Transformative Education
for Health Professionals

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Key Policy Issue #1: Estimating the costs of scaling up and their affordability

The Taskforce on Innovative International Financing for Health Systems estimated that nine per cent of the total costs of scaling up health systems were related to pre-service training of health workers (WHO, 2009). The Lancet Commission estimated current global spending in education and training of health professionals at 100 billion US dollars, or less than two per cent of total health expenditure. The Commission described this level of investment as “not only insufficient but unwise, putting the remaining 98% at risk.” (Frenk, et al., 2010:35.) If two per cent is not enough, the question arises of how much should a country spend?

Producing more health workers requires more training, strategic marketing and recruiting,  remunerating more educators and trainers, and additional infrastructure (laboratories, classrooms, dormitories) financial resources and equipment. There are two categories of costs that need to be considered in planning the expansion of the health workforce. First, there are the costs of expanding training capacity, which are a mix of capital costs for additional infrastructure and equipment, and recurrent costs for staff salaries and operating costs. Second, there are the costs associated with the employment of an expanded workforce, which are largely recurrent. The high proportion of recurrent costs which are part of the total costs of scaling up presents a problem for low-income countries dependent on external aid, since donors are generally reluctant to take on long-term financing commitments.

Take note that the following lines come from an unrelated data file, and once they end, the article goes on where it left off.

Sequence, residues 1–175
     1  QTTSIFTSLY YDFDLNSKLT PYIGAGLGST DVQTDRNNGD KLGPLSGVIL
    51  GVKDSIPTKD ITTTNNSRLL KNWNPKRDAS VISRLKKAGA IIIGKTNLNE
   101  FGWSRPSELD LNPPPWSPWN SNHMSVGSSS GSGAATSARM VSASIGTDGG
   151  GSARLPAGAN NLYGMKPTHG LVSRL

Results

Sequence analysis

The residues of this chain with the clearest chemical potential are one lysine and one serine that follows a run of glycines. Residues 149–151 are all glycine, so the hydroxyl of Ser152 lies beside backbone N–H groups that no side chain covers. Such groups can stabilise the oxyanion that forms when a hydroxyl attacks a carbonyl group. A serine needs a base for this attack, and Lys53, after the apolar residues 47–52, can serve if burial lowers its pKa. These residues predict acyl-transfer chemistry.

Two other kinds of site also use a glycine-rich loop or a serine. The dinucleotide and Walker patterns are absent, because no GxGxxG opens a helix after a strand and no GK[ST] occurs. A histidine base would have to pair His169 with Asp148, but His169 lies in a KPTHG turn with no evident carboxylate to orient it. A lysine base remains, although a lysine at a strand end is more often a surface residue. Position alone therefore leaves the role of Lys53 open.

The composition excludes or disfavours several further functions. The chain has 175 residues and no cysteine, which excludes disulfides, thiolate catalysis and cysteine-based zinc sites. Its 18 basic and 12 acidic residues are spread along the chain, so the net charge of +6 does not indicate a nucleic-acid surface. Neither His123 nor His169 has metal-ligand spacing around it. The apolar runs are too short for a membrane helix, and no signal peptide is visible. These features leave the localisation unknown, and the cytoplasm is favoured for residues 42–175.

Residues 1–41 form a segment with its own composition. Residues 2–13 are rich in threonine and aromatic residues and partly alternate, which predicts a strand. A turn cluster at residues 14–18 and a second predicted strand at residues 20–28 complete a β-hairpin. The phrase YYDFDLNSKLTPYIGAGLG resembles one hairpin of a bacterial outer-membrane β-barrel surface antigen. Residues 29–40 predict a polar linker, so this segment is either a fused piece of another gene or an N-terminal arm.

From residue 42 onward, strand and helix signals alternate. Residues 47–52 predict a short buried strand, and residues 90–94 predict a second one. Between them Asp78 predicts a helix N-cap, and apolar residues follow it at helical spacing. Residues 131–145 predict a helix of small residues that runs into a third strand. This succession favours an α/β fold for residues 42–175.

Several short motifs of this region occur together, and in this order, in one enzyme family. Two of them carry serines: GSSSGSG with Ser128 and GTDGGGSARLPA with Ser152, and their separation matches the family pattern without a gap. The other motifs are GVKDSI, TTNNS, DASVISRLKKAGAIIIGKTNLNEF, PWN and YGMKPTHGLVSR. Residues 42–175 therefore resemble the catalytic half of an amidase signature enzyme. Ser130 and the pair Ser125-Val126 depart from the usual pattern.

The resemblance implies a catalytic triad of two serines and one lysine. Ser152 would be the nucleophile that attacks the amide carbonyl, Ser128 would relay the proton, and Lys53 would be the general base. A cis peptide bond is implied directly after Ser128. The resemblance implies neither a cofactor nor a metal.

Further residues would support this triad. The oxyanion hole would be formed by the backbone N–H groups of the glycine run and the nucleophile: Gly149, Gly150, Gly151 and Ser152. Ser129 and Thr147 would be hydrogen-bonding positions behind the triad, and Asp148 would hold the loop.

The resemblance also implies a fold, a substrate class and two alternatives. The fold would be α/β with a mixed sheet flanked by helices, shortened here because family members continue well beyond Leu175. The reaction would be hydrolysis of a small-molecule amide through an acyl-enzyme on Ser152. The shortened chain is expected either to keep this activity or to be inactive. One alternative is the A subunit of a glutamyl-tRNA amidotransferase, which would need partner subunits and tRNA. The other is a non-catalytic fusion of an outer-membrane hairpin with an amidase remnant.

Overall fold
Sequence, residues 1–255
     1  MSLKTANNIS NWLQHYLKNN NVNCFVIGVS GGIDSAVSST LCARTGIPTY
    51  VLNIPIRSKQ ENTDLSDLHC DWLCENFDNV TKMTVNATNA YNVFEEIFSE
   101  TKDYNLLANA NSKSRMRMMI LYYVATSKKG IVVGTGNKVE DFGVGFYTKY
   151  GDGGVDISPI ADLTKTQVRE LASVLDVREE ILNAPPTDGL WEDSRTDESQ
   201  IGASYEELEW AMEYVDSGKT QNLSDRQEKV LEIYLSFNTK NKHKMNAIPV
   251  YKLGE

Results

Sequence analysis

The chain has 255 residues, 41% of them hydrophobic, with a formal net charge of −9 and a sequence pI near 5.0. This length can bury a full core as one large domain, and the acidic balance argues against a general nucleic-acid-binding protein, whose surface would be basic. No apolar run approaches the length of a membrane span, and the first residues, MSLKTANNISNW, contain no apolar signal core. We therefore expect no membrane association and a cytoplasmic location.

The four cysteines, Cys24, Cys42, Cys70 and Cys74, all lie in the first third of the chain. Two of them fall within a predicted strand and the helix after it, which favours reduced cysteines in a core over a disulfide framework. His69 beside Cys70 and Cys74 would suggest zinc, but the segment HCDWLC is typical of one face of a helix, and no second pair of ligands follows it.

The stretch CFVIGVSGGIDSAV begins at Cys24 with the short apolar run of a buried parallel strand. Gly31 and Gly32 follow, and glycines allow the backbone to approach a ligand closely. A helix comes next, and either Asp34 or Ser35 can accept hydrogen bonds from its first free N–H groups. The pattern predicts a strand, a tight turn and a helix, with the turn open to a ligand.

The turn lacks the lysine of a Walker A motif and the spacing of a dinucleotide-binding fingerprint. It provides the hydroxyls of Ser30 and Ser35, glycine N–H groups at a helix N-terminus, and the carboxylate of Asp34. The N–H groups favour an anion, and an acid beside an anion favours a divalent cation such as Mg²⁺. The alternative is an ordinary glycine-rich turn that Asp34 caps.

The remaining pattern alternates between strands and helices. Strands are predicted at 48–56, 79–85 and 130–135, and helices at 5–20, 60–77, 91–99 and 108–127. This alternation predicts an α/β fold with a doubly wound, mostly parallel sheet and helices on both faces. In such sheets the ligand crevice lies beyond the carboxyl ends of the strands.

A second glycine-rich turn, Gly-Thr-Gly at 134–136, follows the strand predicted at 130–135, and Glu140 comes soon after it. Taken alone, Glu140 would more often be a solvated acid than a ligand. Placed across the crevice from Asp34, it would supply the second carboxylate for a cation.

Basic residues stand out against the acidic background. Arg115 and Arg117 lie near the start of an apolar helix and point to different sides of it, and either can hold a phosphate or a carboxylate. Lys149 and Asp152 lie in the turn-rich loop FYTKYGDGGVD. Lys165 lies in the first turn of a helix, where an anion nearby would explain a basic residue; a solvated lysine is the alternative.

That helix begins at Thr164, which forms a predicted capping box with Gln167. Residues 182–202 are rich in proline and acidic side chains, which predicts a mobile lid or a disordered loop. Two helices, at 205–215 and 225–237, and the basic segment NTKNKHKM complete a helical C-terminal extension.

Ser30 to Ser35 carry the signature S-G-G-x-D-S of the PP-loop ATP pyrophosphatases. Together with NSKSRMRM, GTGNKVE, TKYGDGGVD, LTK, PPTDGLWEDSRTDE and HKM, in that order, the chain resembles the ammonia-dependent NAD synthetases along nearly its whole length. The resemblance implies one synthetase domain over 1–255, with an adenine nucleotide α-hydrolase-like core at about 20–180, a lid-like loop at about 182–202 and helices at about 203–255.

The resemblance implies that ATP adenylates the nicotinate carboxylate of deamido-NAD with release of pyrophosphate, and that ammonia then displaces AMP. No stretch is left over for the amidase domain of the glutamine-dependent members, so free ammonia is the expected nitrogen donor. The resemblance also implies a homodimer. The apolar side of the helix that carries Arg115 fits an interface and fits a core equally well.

The affordability of additional expenditures generated by the scaling up is a matter for political decision based on value choices as well as on economic criteria, and consideration of the benefits in terms of health outcomes. Spending more on the education of health professionals would be acceptable if addressing the health needs of the population were considered a priority. There are strong arguments to do so, as evidence shows that the strengthening of health systems to make them more effective in tackling population needs, namely through stronger primary care services, leads to better health outcomes and to economic development (Commission on Social Determinants of Health, 2012; Figueras and McKee, 2012; McKee, Basu and Stuckler, 2012). However, care is needed to ensure that the fiscal space is sufficient to cover the new expenditures, which raises the second issue.